The Dusantes

The Dusantes

by Frank Richard Stockton

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Overview

When the little party, consisting of Mrs. Lecks and Mrs. Aleshine, Mr. Enderton, my newly made wife, and myself, with the red-bearded coxswain and the two sailor men, bade farewell to that island in the Pacific where so many happy hours had been passed, where such pleasant friendships had been formed, and where I had met my Ruth and made her my wife, we rowed away with a bright sky over our heads, a pleasant wind behind us, and a smooth sea beneath us. The long-boat was comfortable and well appointed, and there was even room enough in it for Mr. Enderton to stretch himself out and take a noonday nap. We gave him every advantage of this kind, for we had found by experience that our party was happiest when my father-in-law was best contented.

Product Details

ISBN-13: 9780353927438
Publisher: Creative Media Partners, LLC
Publication date: 02/20/2019
Pages: 148
Product dimensions: 6.14(w) x 9.21(h) x 0.32(d)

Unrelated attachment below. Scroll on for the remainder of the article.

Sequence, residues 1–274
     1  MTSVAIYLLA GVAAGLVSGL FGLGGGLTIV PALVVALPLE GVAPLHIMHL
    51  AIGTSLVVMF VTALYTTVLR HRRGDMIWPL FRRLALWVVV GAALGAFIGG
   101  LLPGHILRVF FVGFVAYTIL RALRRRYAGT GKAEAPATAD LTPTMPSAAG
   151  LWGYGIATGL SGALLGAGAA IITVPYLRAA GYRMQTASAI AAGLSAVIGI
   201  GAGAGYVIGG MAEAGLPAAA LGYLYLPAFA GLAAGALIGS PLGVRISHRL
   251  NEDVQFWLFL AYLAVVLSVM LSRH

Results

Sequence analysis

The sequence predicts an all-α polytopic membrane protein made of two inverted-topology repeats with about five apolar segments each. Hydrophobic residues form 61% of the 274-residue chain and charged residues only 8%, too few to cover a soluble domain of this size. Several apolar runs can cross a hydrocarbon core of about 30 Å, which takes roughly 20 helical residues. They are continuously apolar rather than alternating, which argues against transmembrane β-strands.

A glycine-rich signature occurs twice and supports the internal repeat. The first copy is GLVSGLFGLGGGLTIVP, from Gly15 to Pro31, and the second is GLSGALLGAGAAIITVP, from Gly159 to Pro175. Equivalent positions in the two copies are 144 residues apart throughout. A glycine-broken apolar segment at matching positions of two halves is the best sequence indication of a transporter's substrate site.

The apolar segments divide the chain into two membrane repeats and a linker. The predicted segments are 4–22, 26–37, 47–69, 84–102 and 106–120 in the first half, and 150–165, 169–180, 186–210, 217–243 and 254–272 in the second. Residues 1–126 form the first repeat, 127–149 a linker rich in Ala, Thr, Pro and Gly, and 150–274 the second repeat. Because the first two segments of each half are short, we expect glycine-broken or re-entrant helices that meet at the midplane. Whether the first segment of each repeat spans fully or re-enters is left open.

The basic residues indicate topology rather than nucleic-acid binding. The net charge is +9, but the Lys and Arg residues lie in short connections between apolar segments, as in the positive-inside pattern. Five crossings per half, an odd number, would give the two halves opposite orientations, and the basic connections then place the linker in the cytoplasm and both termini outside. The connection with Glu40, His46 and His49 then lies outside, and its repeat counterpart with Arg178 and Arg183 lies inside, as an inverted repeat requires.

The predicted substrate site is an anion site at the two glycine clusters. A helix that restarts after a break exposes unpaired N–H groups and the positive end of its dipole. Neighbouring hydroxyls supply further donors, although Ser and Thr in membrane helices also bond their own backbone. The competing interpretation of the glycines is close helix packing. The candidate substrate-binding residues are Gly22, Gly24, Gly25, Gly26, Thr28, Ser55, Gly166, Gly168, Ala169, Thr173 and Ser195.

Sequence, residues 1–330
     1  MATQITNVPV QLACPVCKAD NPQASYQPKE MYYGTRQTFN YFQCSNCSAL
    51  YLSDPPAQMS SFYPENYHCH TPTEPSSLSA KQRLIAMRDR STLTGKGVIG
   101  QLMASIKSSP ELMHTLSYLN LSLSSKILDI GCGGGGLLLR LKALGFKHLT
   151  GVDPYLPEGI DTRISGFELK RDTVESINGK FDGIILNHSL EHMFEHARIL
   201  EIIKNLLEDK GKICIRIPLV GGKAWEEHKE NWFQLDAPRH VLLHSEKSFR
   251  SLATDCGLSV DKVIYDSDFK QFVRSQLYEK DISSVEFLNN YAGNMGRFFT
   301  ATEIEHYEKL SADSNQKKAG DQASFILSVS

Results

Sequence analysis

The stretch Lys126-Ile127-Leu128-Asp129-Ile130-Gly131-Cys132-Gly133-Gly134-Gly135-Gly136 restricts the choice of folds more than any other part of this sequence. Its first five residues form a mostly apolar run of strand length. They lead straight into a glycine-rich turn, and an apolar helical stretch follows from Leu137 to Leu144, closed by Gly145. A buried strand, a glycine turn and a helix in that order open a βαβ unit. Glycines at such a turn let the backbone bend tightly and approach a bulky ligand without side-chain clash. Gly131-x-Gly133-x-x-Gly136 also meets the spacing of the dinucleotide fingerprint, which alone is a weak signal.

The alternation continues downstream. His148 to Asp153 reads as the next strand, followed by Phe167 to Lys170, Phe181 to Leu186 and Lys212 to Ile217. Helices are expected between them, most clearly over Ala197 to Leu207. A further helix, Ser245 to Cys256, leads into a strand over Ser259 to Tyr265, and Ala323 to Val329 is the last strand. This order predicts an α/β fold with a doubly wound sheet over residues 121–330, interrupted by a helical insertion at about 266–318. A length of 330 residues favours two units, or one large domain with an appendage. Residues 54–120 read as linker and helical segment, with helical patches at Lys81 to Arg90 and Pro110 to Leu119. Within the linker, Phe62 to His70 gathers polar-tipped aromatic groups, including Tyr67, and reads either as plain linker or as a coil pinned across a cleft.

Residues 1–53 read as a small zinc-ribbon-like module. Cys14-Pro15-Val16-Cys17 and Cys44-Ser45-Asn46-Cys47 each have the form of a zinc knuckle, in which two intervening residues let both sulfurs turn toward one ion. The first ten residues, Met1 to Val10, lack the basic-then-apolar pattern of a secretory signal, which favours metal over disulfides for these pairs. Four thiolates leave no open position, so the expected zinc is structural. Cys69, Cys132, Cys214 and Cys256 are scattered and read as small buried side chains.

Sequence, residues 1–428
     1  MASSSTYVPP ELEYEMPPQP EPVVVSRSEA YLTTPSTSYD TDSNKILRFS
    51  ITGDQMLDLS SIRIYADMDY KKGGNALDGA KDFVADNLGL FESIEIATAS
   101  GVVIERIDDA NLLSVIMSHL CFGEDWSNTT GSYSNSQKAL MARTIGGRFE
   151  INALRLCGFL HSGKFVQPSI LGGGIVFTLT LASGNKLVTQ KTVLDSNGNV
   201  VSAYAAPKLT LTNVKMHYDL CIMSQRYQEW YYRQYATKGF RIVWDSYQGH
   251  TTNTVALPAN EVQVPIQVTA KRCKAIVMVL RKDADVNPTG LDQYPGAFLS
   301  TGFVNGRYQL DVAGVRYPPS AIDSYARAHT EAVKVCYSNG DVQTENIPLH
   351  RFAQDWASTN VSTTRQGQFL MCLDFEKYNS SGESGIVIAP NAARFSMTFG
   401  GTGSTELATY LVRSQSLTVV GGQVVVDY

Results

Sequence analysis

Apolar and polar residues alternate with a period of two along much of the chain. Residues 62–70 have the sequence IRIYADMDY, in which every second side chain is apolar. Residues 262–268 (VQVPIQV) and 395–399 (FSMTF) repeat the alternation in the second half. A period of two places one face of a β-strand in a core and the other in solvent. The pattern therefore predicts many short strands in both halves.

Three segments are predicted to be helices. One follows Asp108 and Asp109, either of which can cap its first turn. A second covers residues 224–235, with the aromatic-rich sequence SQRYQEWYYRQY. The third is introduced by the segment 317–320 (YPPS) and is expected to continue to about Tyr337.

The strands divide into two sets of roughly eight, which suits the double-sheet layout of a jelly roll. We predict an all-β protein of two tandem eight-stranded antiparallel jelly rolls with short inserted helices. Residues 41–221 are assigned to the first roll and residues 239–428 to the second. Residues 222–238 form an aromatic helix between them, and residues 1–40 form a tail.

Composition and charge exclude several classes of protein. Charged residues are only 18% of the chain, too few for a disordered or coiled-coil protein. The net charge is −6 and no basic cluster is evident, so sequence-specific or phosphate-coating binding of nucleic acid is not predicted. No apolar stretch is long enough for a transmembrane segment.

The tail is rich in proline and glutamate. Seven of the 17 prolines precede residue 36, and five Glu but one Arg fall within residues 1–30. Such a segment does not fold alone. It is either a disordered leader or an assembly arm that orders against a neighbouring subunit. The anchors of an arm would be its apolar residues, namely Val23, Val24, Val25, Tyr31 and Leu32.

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the road was heavy or more upon a level, and then we would go jolting and rattling over some long downward stretch. After a particularly unpleasant descent of this kind the coach seemed suddenly to change its direction, and with a twist and an uplifting of one side it bumped heavily against something and stopped. I heard a great shout outside, and from a window which now commanded a view of the road I saw our team of six horses, with the drivers pulling and tugging at the two they rode, madly running away at the top of their speed. Ruth, who had been thrown by the shock into the arms of Mrs. Aleshine, was dreadfully frightened, and screamed for her father. I had been pitched forward upon Mrs. Lecks, but I quickly recovered myself, and as soon as I found that none of the occupants of the coach had been hurt, I opened the door and sprang out. In the middle of the road stood Mr. Endertou, entirely uninjured, with a jubilant expression on his face, and in one hand a large closed umbrella. " What has happened I" I exclaimed, hurrying around to the front of the coach, where I saw that the pole had been broken off about the middle of its length. "Nothing has happened, sir," replied Mr. Enderton. " You cannot speak of a wise and discreet act, determinately performed, as a thing which "has happened. We have been saved, sir, from being dashed to pieces behind that wild and unmanageable team of horses; and I will add that we have been saved by my forethought and prompt action." I turned and looked at him in astonishment. "What do you mean?" I said. "What could you have had to do with this accident ?" " Allow me to repeat," said Mr. Enderton, " that it was not an accident. The moment that webegan to go down-hill I perceived that we were in a position of the greatest danger....

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